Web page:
ASC 740 FAQs - Accounting Implications of IRC Regulations Under Sections 163(j), 250 and 951A Issued in Calendar Q3 2020
ASC 740 FAQs - Accounting Implications of IRC Regulations Under Sections 163(j), 250 and 951A Issued in Calendar Q3 2020
The U.S. Treasury issued three major regulation packages in July 2020 that contain significant changes to the previously released proposed regulations. As these are legislative regulations, calendar year companies will likely need to account for the impact in Q3 2020. Read on for more information about the applicable dates of the regulations, highlights and answers to frequently asked questions on how to address these provisions for Q3 2020.
Issuance and Applicable Dates
On July 28, 2020, Treasury issued final and proposed regulations under Internal Revenue Code Section 163(j), which contains rules that limit the deductibility of interest expense. The final regulations are effective for taxable years beginning on or after November 13, 2020. As clarified by the final regulations published in the Federal Register on September 14, 2020, the final regulations can be applied, however, for any taxable year beginning after December 31, 2017, at the election of the taxpayer. The proposed regulations are effective 60 days after Treasury adopts them as final and they are published in the Federal Register. The 2020 proposed regulations may also be applied retroactively, with certain exceptions, to years beginning after December 31, 2017, provided the taxpayer also applies the final regulations for such earlier periods.
Alternatively, as clarified by the final regulations published in the Federal Register on September 14, 2020, a taxpayer may apply proposed regulations issued in 2018 for any period before the final regulations become effective, with the additional option to early adopt the provision in the final regulations to increase adjusted taxable income by depreciation recorded in cost of goods sold. Such regulations should be consistently applied.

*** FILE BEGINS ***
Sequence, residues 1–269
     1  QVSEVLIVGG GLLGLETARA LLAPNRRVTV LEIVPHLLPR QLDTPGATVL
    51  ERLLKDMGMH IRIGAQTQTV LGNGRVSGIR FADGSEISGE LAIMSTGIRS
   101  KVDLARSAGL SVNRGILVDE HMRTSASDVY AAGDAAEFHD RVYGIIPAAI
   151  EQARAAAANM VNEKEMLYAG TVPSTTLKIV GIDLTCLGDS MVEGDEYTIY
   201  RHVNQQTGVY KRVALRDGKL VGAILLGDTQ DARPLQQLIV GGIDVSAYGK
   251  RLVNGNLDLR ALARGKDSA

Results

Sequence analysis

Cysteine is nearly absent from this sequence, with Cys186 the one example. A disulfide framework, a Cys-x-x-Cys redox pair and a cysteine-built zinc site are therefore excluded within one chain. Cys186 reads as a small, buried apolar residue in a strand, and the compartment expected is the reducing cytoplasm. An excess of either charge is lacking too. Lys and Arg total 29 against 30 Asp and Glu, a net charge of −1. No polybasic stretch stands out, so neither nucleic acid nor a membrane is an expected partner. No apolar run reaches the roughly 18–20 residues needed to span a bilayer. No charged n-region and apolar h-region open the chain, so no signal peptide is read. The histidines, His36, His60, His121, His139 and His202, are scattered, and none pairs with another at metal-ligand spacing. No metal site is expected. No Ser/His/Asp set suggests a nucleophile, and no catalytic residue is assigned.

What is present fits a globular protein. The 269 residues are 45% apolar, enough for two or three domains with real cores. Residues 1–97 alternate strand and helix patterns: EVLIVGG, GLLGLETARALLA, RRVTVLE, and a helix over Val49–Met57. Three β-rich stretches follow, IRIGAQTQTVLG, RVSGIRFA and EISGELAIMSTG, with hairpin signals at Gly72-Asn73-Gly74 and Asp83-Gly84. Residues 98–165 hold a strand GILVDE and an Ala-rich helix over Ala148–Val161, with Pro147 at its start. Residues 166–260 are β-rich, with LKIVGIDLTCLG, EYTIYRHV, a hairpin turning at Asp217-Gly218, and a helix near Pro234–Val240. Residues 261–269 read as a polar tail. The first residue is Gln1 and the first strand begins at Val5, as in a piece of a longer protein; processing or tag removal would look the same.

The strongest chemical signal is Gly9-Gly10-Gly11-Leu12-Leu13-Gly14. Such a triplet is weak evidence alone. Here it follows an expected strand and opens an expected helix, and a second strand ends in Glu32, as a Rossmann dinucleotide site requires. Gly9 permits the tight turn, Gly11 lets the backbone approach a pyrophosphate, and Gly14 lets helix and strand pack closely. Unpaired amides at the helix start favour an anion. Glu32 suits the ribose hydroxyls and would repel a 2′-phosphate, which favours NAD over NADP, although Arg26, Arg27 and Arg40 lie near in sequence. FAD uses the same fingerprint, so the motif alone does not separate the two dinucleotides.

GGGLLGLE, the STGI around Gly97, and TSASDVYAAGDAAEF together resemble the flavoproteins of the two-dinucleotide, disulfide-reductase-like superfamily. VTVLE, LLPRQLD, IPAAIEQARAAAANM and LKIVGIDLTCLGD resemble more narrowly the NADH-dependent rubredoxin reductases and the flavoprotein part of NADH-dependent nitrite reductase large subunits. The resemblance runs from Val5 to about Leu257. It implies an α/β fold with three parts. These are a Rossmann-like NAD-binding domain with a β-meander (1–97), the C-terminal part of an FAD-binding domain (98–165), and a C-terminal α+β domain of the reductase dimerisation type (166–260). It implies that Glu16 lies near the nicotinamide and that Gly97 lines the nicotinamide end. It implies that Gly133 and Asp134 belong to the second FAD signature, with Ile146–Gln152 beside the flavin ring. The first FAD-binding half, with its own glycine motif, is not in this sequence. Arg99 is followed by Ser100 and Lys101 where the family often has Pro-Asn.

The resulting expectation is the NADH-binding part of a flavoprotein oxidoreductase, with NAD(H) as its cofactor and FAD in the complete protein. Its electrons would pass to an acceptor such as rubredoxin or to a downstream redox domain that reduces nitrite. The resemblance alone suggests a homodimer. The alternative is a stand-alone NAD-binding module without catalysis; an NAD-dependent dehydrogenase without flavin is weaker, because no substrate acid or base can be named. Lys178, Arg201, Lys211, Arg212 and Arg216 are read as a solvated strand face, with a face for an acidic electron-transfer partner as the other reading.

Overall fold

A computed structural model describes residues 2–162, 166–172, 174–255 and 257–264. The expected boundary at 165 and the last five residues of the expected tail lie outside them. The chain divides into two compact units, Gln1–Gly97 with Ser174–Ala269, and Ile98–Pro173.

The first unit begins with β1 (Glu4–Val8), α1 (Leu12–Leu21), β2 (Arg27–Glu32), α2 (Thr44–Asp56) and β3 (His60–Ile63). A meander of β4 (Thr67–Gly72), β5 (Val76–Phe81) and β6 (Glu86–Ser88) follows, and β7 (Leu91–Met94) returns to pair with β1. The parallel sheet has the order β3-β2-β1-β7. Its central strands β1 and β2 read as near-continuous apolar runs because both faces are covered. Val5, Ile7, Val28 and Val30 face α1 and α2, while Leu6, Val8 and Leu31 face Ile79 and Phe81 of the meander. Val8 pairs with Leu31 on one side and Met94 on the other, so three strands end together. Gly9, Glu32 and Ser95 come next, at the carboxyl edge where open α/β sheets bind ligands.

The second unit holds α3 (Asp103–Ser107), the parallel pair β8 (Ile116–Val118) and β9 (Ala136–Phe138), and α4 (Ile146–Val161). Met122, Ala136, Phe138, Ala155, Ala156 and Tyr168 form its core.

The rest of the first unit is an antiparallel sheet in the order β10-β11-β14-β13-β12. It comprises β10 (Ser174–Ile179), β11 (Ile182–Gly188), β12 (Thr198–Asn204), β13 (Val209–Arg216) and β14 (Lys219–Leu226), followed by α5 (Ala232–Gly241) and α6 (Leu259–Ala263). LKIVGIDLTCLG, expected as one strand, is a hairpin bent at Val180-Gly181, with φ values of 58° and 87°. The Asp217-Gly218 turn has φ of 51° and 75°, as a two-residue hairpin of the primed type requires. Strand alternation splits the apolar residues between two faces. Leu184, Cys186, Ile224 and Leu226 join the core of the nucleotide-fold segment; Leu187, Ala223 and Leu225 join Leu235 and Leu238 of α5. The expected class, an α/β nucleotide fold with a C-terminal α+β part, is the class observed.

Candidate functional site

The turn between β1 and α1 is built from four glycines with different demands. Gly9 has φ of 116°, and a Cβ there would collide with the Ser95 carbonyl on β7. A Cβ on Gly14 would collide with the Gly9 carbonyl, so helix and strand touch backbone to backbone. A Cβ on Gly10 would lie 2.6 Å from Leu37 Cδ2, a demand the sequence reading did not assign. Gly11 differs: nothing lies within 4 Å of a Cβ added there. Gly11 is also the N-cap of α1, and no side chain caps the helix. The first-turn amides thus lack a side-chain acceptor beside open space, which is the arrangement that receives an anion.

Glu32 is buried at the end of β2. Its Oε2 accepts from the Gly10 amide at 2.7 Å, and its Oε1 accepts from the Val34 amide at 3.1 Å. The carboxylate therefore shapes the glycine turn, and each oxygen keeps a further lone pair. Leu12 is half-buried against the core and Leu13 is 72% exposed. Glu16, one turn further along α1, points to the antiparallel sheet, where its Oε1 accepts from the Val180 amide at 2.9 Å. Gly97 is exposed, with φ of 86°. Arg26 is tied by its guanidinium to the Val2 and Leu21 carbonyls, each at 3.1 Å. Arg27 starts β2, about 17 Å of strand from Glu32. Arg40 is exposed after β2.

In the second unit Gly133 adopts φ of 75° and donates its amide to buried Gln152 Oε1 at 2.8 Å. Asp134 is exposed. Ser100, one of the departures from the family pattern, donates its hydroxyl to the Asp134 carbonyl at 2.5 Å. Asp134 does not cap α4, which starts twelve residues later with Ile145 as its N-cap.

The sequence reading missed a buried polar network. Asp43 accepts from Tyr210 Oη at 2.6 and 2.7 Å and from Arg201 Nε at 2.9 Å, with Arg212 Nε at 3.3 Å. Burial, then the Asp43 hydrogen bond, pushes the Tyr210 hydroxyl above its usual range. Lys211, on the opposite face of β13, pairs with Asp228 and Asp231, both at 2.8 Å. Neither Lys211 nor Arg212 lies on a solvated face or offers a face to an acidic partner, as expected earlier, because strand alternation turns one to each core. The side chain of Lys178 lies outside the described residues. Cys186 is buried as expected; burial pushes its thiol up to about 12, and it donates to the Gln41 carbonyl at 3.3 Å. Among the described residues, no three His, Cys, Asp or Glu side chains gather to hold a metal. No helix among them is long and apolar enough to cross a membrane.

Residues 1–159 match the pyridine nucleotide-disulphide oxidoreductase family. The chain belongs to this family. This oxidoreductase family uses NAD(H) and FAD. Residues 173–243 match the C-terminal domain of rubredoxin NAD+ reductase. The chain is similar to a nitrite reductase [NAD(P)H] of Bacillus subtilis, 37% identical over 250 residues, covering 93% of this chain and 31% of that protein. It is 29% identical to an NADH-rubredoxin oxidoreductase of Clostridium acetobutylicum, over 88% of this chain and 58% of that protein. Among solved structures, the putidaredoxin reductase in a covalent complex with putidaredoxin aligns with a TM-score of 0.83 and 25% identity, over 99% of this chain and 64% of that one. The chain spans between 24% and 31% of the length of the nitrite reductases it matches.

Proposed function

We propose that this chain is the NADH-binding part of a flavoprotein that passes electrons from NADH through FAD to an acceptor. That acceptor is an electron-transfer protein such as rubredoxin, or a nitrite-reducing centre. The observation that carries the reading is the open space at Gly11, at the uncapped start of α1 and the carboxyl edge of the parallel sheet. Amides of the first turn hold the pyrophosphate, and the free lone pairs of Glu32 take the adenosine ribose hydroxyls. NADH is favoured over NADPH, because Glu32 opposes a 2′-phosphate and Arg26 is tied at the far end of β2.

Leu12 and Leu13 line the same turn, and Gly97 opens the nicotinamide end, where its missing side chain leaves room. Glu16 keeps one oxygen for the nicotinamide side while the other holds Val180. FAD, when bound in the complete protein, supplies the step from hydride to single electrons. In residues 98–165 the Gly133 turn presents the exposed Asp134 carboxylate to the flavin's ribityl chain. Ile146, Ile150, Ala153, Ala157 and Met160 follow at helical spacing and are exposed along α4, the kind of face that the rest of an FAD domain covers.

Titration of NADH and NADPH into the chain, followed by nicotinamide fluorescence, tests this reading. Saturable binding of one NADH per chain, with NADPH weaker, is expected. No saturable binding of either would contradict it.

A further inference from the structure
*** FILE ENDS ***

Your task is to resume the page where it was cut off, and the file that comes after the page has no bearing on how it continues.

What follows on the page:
On July 23, 2020, Treasury issued final regulations under Section 951A with respect to the high-tax exclusion applicable to global intangible low-taxed income (GILTI). The final regulations apply to taxable years of foreign corporations beginning on or after July 23, 2020, and to taxable years of U.S. shareholders in which or with which such taxable years of such foreign corporation’s end. However, the final regulations also may be applied, at the taxpayer’s election, to tax periods beginning after December 31, 2017. At the same time, Treasury also issued proposed regulations providing rules to conform the high-tax exception under the Subpart F rules with the high-tax exclusion under the GILTI provisions. These proposed regulations are effective, with certain exceptions, for taxable years of controlled foreign corporations (CFCs) beginning after the date the Treasury decision adopting these rules as final regulations is filed with the Federal Register, and for taxable years of U.S. shareholders in which or with which such taxable years of foreign corporation’s end.